Review: NW Alpine Black Spider Hoody

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NW Alpine Black Spider Hoody Review Rock Climbing Apparel Gear
The NW Alpine Black Spider Hoody

NW Alpine sent us the Black Spider Hoody and their Volo Pant last autumn, and I set aside the Hoody to test as it was just the right size and the sort of lightweight base or mid-layer that’s perfect for winter cragging in Colorado’s Front Range, where the weather fluctuates wildly and rapidly with storms, wind, and clouds pouring over the Continental Divide.

My first impressions were that I loved—loved—the Hoody. Weighing only 11 oz, it had a warm, clingy feel and thin, low profile that made it perfect for tucking under a harness. I’d wear it climbing, bolting, belaying, to work, walking my old hound dog—you name it. The Hoody is made of 8 percent polyester and Spandex for solid stretch while climbing, but the bulk of it (92 percent) is Polartec Power Dry, a high-tech wicking fabric. A simple, minimalist piece, the Hoody comes with a balaclava-style, helmet-compatible hood, thumb loops on the wrist cuffs, and a single chest zipper pocket that’s about large-smartphone-sized—good for your phone, wallet, keys, or an energy bar or two.

I’ve been wearing it consistently ever since, always as a midlayer (though you can go next-to-skin), and it’s become a go-to piece for outings when I know layering will be key: multi-pitch climbs that dance in and out of shade or spike up into the wind, cold-weather cragging in the shadowy Flatirons, fluctuating conditions in windswept Dream and Boulder canyons, etc. It’s a versatile, extremely-warm-for-the-weight top that’s become an indispensable part of my cool-weather kit. The Black Spider is built for strenuous activity, when you’re moving and sweating—you get all the mobility and wicking you need and then some, without the overheating that comes with a bulkier fleece. I’ve only ever noticed sweat collect along the sleeves and in the pits, with max exertion, but it dries quickly (Power Dry). The hood is a great touch, too, form-fitting around the head to give a dash of climate control.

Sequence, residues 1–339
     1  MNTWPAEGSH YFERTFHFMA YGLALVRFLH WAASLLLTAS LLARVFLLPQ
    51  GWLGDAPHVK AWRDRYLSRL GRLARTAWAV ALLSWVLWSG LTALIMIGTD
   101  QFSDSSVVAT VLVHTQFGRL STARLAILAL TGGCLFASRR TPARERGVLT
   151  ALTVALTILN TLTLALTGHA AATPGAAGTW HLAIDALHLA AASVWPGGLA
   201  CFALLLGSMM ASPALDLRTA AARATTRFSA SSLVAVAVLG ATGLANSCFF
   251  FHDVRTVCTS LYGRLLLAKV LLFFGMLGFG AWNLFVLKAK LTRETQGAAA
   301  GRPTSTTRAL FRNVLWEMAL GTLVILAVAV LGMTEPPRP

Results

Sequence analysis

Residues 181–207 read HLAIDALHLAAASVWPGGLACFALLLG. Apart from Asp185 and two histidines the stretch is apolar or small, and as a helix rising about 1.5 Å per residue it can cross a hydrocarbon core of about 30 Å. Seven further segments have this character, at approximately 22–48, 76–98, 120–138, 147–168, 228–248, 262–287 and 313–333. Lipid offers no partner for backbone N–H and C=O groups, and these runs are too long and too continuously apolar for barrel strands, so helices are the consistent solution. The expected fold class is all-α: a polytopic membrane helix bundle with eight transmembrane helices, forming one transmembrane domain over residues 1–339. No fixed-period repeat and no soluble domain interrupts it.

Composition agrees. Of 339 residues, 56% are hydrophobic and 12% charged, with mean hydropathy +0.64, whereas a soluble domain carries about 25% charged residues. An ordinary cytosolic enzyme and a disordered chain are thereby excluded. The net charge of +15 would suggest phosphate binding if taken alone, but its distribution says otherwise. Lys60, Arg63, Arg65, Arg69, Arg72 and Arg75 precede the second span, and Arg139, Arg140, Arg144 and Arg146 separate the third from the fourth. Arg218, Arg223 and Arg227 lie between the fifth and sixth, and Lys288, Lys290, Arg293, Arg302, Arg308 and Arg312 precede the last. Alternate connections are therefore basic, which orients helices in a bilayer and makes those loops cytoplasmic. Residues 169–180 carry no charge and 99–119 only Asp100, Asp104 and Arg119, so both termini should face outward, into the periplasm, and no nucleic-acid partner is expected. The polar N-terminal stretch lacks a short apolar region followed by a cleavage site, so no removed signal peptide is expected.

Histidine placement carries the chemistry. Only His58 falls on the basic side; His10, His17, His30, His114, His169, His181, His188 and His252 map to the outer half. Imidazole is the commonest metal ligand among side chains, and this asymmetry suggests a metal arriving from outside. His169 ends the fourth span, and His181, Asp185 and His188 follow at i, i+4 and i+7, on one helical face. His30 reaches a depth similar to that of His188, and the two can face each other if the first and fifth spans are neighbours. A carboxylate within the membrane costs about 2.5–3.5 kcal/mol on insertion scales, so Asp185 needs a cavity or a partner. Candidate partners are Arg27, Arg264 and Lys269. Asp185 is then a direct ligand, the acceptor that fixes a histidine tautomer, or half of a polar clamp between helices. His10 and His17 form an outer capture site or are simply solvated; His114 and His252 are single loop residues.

Early on I did notice some pilling at the seams on the sleeves where I was abrading against the rock. (All of the seams are semi-extruded along the exterior of the Hoody.) I was concerned and wondered about the piece’s longevity, but that was six months ago and the issue hasn’t gotten worse, even with day-to-day use and weekly washings. In fact, it’s not really an issue—just something I had my eye on that seemed like it could become an issue. But it didn’t.

I’ve worn the Black Spider Hoody on everything from 5.9 trad romps to at-my-limit redpoints, with multiple other jackets (a hybrid shell and a puffy) layered over it. It never fails to deliver. Warm, light, bomber, quick-to-dry, and with just a dash of style, this is a killer climber’s piece.